Sixty-seven candidates endorsed by the Gay & Lesbian Victory Fund were elected in 2006 (some earlier in the year) to federal, state, and local offices, according to a press release from the LGBT political action committee:
“Key victories across the country include Patricia Todd (whose ugly battle we posted about earlier this year), who will represent District 54 in the Alabama State House. Todd is the first openly gay person ever elected to any office in the state; Kathy Webb, who will represent District 37 in the Arkansas State House. Webb is the first openly gay person ever elected to any office in the state; Henry Fernandez, who won a seat on the Lawrence Township School Board, making him the first openly gay person ever elected to any office in Indiana; Al McAffrey (whom we’ve also mentioned here), who will represent District 88 in the Oklahoma State House. McAffrey is the first openly gay person ever elected to the Oklahoma state legislature; Jolie Justus, who will represent District 10 in the Missouri State Senate. Justus is the first openly gay state senator in Missouri history; Ed Murray, who will represent District 43 in the Washington State Senate. Murray, a former state representative, is the first openly gay state senator in Washington history; Matt McCoy, who becomes the first openly gay candidate ever elected to the Iowa legislature. McCoy, a sitting state senator, came out during his last term; Ken Keechl, who won a seat on the Broward County Commission in Florida, beating an appointee of Gov. Jeb Bush; Jamie Pedersen, (another elected earlier this year)who becomes the third consecutive openly gay person to be elected to represent District 43 in the Washington State House; Judge Virginia Linder will join Rives Kistler on the Oregon Supreme Court, making it the first state ever to have two openly gay Supreme Court Justices, according to preliminary results.”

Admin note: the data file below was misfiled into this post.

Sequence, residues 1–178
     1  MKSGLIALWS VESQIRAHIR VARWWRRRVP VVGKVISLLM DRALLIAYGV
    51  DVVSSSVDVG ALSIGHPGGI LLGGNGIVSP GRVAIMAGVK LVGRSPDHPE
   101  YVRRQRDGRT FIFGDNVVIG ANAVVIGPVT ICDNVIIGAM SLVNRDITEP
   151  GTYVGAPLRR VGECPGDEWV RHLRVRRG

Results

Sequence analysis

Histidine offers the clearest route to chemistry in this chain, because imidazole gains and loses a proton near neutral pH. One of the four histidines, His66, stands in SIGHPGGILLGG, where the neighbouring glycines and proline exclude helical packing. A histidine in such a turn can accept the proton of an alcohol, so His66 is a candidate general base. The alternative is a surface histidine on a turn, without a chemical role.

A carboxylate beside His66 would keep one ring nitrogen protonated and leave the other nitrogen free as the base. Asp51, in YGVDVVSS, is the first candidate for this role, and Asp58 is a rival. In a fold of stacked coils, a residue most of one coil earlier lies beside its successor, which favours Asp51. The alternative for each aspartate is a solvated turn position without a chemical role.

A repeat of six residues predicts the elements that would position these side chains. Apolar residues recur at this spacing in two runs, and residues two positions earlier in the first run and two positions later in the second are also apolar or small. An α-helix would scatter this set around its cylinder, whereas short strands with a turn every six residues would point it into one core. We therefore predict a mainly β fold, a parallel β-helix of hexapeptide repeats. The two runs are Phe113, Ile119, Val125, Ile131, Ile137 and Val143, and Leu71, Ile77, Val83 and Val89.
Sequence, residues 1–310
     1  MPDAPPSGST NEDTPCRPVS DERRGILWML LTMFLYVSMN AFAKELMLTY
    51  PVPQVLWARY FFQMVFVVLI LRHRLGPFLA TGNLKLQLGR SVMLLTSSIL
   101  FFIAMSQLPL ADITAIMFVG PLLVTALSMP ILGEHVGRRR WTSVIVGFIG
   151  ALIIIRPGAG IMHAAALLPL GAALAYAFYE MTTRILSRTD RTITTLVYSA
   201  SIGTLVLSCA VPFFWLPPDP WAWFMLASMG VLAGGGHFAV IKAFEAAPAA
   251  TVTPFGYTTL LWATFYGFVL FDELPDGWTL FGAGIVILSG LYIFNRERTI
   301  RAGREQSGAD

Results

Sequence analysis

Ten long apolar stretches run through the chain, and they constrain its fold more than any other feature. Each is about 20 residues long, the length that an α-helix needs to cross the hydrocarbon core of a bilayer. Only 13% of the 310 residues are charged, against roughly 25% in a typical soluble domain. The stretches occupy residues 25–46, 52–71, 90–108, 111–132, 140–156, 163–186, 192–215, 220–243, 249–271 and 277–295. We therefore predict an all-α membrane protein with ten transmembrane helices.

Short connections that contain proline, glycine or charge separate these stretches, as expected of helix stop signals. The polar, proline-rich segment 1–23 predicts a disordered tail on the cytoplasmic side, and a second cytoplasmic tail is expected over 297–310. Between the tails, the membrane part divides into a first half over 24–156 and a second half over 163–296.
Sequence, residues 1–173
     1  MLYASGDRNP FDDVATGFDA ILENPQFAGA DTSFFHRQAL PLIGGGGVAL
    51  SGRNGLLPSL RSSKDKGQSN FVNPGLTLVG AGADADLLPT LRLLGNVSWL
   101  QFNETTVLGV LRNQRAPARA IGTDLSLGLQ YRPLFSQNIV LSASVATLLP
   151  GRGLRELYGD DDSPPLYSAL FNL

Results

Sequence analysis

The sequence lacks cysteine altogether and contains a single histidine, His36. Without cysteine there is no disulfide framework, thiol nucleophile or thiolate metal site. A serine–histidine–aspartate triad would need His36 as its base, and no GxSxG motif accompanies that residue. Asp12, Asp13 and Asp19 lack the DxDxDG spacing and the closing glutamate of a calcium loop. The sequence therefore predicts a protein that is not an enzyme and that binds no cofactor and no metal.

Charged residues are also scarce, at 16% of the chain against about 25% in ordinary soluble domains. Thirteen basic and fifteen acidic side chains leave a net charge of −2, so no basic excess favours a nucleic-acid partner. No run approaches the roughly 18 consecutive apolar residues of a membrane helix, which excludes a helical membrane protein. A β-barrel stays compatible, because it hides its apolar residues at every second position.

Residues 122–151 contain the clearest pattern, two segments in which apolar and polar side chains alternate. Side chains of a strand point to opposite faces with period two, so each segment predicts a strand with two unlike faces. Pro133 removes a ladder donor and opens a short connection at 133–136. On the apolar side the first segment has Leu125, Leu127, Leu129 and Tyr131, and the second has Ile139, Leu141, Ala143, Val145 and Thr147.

According to the Victory Fund, seven states (Alaska, Louisiana, North Dakota, South Carolina, South Dakota, Tennessee, West Virginia) still have no openly elected LGBT officials at any level of government, and 13 states (Delaware, Florida, Hawaii, Indiana, Kansas, Mississippi, Nebraska, New Jersey, New Mexico, Ohio, Pennsylvania, Texas, Wyoming) have no openly LGBT legislators.